gnaw [naw] ExamplesWord Originverb (used with object), gnawed, gnawed or gnawn, gnaw·ing.
- to bite or chew on, especially persistently.
- to wear away or remove by persistent biting or nibbling.
- to form or make by so doing: to gnaw a hole through the wall.
- to waste or wear away; corrode; erode.
- to trouble or torment by constant annoyance, worry, etc.; vex; plague.
verb (used without object), gnawed, gnawed or gnawn, gnaw·ing.
- to bite or chew persistently: The spaniel gnawed happily on a bone.
- to cause corrosion: The acid gnaws at the metal.
- to cause an effect resembling corrosion: Her mistake gnawed at her conscience.
Origin of gnaw before 1000; Middle English gnawen, Old English gnagen; cognate with German nagen, Old Norse gnāga Related formsgnaw·a·ble, adjectivegnaw·er, nounout·gnaw, verb (used with object), out·gnawed, out·gnawed or out·gnawn, out·gnaw·ing.un·der·gnaw, verb (used with object)un·gnawed, adjective Related Words for gnaw nibble, eat, chomp, annoy, bedevil, nag, irritate, haunt, crunch, erode, consume, munch, gum, corrode, devour, masticate, wear, champ, chaw, distress Examples from the Web for gnaw Contemporary Examples of gnaw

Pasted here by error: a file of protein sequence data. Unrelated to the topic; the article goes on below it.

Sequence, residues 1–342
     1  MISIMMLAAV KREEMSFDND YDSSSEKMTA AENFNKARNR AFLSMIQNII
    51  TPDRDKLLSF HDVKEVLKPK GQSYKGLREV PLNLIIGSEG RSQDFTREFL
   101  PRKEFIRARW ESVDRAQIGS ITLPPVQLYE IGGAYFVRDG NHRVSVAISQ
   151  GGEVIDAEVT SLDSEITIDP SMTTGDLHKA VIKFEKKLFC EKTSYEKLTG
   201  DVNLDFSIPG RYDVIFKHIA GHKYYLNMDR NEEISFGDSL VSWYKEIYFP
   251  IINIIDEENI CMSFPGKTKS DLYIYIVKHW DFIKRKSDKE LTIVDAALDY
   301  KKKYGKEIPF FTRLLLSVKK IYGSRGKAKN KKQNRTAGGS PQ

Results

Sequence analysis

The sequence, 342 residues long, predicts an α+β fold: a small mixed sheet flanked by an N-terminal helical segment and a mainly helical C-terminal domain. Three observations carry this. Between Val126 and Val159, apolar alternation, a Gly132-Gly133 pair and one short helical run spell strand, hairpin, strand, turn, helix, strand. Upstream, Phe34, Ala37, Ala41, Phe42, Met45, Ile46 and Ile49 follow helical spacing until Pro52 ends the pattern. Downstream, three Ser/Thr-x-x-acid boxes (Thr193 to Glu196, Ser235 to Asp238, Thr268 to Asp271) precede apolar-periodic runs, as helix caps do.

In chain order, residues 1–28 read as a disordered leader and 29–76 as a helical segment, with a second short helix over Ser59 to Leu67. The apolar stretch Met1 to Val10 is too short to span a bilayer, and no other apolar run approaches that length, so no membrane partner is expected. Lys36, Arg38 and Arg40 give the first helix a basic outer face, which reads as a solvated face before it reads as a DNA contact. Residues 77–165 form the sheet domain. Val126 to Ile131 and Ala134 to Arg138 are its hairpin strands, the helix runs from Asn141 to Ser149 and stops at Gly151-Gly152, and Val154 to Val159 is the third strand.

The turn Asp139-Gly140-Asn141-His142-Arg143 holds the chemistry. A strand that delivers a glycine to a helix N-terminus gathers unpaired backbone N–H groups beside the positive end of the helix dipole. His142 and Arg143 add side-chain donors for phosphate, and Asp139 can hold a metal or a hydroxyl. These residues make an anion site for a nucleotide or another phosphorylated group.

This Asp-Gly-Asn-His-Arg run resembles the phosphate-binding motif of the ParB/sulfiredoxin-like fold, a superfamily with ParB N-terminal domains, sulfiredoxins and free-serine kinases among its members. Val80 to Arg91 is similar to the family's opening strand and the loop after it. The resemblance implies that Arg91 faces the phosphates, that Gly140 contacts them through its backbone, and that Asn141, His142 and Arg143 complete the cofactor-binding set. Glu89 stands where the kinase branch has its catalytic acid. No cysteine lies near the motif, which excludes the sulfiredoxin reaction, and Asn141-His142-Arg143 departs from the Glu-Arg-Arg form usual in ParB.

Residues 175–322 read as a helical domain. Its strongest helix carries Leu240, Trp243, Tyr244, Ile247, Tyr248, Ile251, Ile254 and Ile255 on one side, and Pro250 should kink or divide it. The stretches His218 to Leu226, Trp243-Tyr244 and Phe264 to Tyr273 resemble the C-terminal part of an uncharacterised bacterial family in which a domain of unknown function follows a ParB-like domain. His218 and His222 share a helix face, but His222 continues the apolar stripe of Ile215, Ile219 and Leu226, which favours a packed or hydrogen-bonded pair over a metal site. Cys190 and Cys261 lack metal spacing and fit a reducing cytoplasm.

In the end, the ethical implications of using a drug to pull statements from otherwise unwilling people began to gnaw.
March 14, 2013
Stanley Crouch on why there are so many predators “looking for some high-profile black female meat to give the gnaw.”
March 25, 2009
Historical Examples of gnaw
The dogs had devoured even the entrails of the seal, and began to gnaw their traces.
The dog was unable to gnaw through the leather at his own end of the stick.
Sam watched her go to the house, and doubts began to gnaw at him.
Charles E. Fritch
I attempted to gnaw through the wires, but they resisted my utmost efforts.
A. L. O. E.
They burrowed under the snow until they could gnaw them, and thus they released us.
Frank V. Webster
British Dictionary definitions for gnaw gnaw verb gnaws, gnawing, gnawed, gnawed or gnawn (nɔːn)
- (when intr, often foll by at or upon) to bite (at) or chew (upon) constantly so as to wear away little by little
- (tr) to form by gnawingto gnaw a hole
- to cause erosion of (something)
- (when intr, often foll by at) to cause constant distress or anxiety (to)
- the act or an instance of gnawing
Derived Formsgnawable, adjectivegnawer, noungnawing, adjective, noungnawingly, adverbWord Origin for gnaw Old English gnagan; related to Old Norse gnaga, Old High German gnagan Word Origin and History for gnaw v.
Old English gnagan (past tense *gnog, past participle gnagan) “to gnaw,” a common Germanic word (cf. Old Saxon gnagan, Old Norse, Swedish gnaga, Middle Dutch, Dutch knagen, Old High German gnagan, German nagen “to gnaw”), probably imitative of gnawing. Related: Gnawed; gnawing.